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Why SpiceJet has lost passenger loads and faces loads of troubles

The real challenge will be on the lessors and employees fronts, with the first less lenient about payment troubles and the second less tolerant of salary cuts

October 25, 2021 / 06:05 PM IST
 In May, SpiceJet ferried less than 2 lakh passengers, leading to a single-digit market share

In May, SpiceJet ferried less than 2 lakh passengers, leading to a single-digit market share

When the Directorate General of Civil Aviation (DGCA) declared the market numbers for September, SpiceJet was relegated to the fourth spot, a significant drop for an airline that was the undisputed number two until last year and started 2021 at the same position. (The Tata group airlinesVistara and AirAsia Indiajointly had a higher market share than SpiceJet, but they had two different airline operating permits.)

Things changed for the industry in May 2021 as the second wave of the pandemic moved towards a peak, which saw the number of passengers carried plummeting. In May, SpiceJet ferried less than 2 lakh passengers, leading to a single-digit market share.

After three quarters in 2021, Air India has come out as an undisputed number two in Indian skies, having carried 66.66 lakh passengers compared with SpiceJet’s 57.83 lakh. The latter was forced to reduce its presence in the passenger segment, weighed down by financial stress.

Turbulence ahead

SpiceJet faces a mountain of challenges from restoring salaries to paying lessors and other vendors. And it may not be surmountable unless a multipronged approach of renegotiating contracts and lease rentals and infusing funds is in place.

The proposed low-cost carrier Akasa and a possible comeback of Jet Airways could make the market even tougher as the cost of retaining talent will go up. In the past, SpiceJet had resorted to wet lease operations but as things return to normalcy, this cheaper option may not be available in the market.

The real challenges will be on the lessor and human resources fronts. While lessors have been working closely with airlines for the last one and half years, they are less likely to be lenient as travel demand picks up. The air crew and other staff, on the other hand, are expecting a rollback of pay cuts. When other airlines restoring salaries, the comparison would begin and so would attrition as allied industries and rival airlines start recruiting.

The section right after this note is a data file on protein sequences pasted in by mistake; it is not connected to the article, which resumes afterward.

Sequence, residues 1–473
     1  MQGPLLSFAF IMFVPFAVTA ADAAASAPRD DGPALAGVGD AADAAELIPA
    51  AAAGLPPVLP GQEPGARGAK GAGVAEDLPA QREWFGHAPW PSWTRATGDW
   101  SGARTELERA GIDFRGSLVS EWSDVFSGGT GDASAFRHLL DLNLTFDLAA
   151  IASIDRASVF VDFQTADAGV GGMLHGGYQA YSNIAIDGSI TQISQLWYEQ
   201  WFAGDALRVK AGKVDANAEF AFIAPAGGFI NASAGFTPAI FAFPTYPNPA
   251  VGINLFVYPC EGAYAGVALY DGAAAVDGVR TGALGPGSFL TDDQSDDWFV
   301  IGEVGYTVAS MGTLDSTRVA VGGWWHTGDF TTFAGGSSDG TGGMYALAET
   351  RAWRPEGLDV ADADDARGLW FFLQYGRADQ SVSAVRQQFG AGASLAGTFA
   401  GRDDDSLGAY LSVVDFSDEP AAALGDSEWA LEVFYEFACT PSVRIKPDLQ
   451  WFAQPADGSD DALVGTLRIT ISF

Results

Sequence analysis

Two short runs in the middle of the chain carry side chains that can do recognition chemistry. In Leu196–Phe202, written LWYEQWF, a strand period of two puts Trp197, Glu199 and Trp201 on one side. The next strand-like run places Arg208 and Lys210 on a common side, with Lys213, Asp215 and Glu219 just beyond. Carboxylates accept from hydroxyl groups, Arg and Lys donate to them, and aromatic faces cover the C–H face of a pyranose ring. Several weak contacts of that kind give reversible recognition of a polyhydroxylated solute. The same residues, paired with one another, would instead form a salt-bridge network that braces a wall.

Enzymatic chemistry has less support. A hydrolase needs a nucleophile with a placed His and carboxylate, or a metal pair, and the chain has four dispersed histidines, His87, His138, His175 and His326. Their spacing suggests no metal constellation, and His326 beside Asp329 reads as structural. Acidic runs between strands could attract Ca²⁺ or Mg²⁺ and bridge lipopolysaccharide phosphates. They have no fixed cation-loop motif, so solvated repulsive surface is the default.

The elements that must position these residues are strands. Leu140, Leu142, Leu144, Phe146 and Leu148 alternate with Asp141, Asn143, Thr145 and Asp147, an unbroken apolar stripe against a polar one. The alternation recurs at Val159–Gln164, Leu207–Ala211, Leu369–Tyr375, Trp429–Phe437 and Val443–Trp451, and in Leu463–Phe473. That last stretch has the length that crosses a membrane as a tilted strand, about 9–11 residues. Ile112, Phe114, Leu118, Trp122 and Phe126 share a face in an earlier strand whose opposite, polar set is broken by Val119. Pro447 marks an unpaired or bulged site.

SpiceJet has also been factoring in estimated compensation from plane manufacturer Boeing for the grounding of its 737 MAX aircraft. With the MAX now allowed to fly in India, this comes to an end and sooner or later the airline will have to reveal the real number with regard to the compensation. So far, the airline has only said that it has entered into a commercial settlement with a few lessors, without giving details.

The load factor and revenue

The high passenger load factor at SpiceJet is often cited as being behind its success story. But the airline has many monopoly routes that it has enjoyed as a niche area. However, IndiGo is slowly catching up on such routes outside the regional connectivity scheme Udan where competition is possible. The Udan scheme gives monopoly for three years but the exclusivity period is coming to an end for routes started earlier under the scheme.

There also is the angle of cancelling flights and combining them. This leads to increased load factors on the face of it, but does not necessarily translate into higher revenue.

Window of opportunity

The airline plans to hive off its cargo business on a slump sale basis. The future of the airline and the group could well hinge on how this goes. The cargo business, though lower on revenue, is profit making. The airline could well be able to attract one of the global players to invest on the lines of DHL’s investment in Blue Dart, or look to list the business and raise cash.

This cash, if it comes about, could be the saviour for the group.

Alternatively, the strategy could be three-pronged. One, focus on sustained revenues from Udan routes, two, look for additional flights to Dubai when the Emirates codeshare materialises, and three, shrink to make the best of prime slots and not be in cut-throat competition with IndiGo.

This will help the airline balance revenue streams, profitability and continue with its current ways of making the most of good times or making the most of monopoly operations.

The transfer of the cargo business to its subsidiary SpiceXpress and Logisitics has helped clean up the airline’s balance sheet to some extent, with the negative net worth being reduced to less Rs750 crore. If it manages to raise the planned Rs 2,500 crore through a qualified institutional placement, the immediate threat to its survival will be negated.

Alleged proximity to the government has often been cited as a reason for the airline’s survival but similar talk of proximity swirled around the owners/promoters of the failed Jet Airways and Kingfisher Airlines. In the end, what matters is a balance sheet that can sustain the business and if the SpiceXpress sale is an indication, SpiceJet seems to be working towards it. But it should pick up the pace before the Tata group can consolidate and further corner the market.
Ameya Joshi runs the aviation analysis website Network Thoughts.
first published: Oct 25, 2021 06:05 pm
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